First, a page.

The goal to get more women elected in public office is on the mind of some faculty and students.
Plans are underway for a new Women’s Civic Institute on campus that will take the form of a spring event series.
While this is the first year the university will host the institute, Roudy Hildreth, associate professor in political science and institute co-director alongside Mythili Rundblad, the coordinator of student development, said the directors hope to do it every year with support from several campus organizations including the Paul Simon Public Policy Institute, the SIU women, gender, and sexuality studies department and the SIU University Women’s Professional Advancement office.
Hildreth said the institute aims to encourage women’s interest to run for public office. He said the goal is to give women the necessary information and tools to be leaders in areas such as politics by incorporating programs that would include workshops, networking events, seminars and visits from other women who hold a public office.
Hildreth said women seem less interested in public office than men.
“If you take a look at the number of women in public office, it is low and that needs to change,” Hildreth said.
Cynthia Sims, an associate professor in workforce education and development, will kick off the series of events by teaching a leadership workshop in early February.
“Leadership development is taught the best by being placed in situations where you have to use it,” Hildreth said.
Hildreth said the institute’s inspiration came after the university conducted the Civic and Democratic Learning Initiative, which is a national effort to enhance service-learning, volunteerism and civic engagement, according to university information. SIU was among 50 colleges and universities selected to participate in the initiative.
“I think SIU was chosen because in the last three years, SIU has made a push for service learning and involvement,” Hildreth said.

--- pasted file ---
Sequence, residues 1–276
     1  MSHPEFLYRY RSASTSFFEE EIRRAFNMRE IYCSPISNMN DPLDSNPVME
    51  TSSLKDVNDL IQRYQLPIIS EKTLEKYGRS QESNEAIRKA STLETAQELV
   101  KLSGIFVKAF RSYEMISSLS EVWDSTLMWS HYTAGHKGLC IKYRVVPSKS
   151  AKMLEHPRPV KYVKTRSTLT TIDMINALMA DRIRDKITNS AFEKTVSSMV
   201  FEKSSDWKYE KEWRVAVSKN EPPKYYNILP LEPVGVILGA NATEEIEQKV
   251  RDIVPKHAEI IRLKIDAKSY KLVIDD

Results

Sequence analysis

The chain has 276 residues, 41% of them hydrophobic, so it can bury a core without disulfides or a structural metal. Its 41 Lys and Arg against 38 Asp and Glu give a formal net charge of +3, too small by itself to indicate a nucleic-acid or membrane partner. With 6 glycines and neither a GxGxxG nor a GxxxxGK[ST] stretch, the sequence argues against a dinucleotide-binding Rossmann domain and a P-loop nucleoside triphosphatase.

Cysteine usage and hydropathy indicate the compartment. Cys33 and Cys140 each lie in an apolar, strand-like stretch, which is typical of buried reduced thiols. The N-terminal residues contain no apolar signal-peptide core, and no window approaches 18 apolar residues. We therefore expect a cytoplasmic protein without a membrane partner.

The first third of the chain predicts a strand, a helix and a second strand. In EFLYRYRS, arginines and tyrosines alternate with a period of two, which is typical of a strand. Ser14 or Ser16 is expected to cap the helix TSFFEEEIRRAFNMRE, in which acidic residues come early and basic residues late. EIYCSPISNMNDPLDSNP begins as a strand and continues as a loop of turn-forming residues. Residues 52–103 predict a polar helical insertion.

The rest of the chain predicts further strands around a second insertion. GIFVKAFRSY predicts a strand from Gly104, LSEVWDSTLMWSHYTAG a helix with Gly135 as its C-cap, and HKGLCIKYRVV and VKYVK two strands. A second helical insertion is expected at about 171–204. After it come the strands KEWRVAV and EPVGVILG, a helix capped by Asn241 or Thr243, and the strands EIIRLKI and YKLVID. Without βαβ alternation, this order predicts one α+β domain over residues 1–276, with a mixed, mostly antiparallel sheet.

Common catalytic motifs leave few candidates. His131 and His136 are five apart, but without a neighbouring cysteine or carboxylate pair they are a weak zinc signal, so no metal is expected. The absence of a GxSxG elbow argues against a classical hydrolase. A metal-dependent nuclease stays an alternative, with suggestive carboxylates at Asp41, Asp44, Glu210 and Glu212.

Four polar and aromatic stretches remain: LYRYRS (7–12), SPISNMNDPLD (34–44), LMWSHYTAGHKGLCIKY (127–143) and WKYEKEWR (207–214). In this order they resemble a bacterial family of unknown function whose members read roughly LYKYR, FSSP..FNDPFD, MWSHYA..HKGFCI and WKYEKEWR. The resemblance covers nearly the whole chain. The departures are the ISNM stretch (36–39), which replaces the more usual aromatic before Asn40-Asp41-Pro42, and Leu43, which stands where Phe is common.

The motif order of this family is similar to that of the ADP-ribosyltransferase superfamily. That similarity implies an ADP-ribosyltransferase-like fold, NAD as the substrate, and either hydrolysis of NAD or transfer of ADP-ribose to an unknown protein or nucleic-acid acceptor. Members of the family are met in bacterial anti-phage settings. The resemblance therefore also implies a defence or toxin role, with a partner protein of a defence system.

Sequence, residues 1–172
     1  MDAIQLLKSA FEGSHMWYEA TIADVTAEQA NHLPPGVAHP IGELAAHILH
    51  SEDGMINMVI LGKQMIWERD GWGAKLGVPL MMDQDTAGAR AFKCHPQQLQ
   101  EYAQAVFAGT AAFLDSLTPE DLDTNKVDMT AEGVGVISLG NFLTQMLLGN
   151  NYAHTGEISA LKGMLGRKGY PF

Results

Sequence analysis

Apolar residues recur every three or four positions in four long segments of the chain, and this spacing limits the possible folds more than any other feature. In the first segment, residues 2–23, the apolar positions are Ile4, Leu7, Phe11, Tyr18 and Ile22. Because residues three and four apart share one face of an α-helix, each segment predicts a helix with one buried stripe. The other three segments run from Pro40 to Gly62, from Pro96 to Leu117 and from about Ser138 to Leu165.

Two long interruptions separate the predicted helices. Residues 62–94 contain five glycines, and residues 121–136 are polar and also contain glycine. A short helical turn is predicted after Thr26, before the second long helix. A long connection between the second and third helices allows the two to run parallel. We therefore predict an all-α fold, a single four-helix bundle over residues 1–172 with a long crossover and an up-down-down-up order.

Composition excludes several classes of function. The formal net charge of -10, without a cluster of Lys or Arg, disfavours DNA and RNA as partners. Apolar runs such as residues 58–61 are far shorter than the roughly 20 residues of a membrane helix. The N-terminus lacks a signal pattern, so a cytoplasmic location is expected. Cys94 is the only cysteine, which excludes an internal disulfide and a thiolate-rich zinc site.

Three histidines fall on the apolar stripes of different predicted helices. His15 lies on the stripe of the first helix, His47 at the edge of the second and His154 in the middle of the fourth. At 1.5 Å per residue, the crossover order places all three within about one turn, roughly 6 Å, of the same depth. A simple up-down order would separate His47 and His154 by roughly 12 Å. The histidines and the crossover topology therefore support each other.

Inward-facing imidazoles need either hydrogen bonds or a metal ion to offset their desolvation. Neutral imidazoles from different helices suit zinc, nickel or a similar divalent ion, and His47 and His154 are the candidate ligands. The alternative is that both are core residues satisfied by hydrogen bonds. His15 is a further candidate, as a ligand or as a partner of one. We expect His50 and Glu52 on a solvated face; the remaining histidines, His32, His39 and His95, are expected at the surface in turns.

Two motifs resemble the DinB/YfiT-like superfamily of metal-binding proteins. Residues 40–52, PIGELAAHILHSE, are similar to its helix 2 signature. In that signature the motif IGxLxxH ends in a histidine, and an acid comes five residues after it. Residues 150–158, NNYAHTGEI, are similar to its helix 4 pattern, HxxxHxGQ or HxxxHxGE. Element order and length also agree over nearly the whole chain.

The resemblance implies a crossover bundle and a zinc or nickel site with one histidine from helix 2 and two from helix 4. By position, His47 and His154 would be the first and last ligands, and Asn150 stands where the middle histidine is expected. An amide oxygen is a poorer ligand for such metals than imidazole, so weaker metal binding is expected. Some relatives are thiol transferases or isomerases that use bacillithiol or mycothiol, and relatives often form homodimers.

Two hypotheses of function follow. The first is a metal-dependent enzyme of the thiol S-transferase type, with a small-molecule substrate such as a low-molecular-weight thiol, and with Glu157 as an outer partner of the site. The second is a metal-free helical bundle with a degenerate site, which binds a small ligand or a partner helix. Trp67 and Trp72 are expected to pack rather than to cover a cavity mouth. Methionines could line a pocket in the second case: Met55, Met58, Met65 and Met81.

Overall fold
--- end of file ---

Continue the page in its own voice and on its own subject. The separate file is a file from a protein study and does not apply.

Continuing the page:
Emily Burke, a researcher at the public policy institute, said the initial idea was to create a place where female students could practice leadership and political skills. Then, she said, Rundblad brought up detailed plans for the institute.
“It was perfect that people initiated this institute for this cause,” she said.
Burke said she hopes the institute will inspire change.
“I think we will see better interest in females in political science,” she said. “I anticipate that a new group of women will become comfortable in the world of politics and controversial subjects through leadership roles.”
Burke said while the program will not be able to cover a comprehensive amount of skills needed in all workforce leadership jobs, she thinks it will still be a great help.
“I think every little bit helps,” Burke said.
She said she was involved in the institute’s planning because it will be valuable for women who seek jobs, and it will equip them with necessary workforce skills.
“I hope soon people won’t think twice about hiring a woman into a position of public office,” Burke said. “I think women will be able to learn so much through this institute and will give them a guideline for the outside world.”
Burke said the institute aims to bring diversity by hosting a variety of successful female leaders.
“We are also bringing women in the private sector as well as the public sector,” she said.
Burke said institute participants will end the program by participating in service projects, which they will decide on and lead based on their own interests.
Melinda Yeomans, coordinator of SIU’s University Women’s Professional Advancement, said the institute would benefit women because they can hear from successful female leaders.
“Research shows that mentoring support, direct leadership experience and the provision of effective role models can foster the successful development of a woman’s identity as a leader,” she said.
Yeomans said organizers are still planning events for the institute.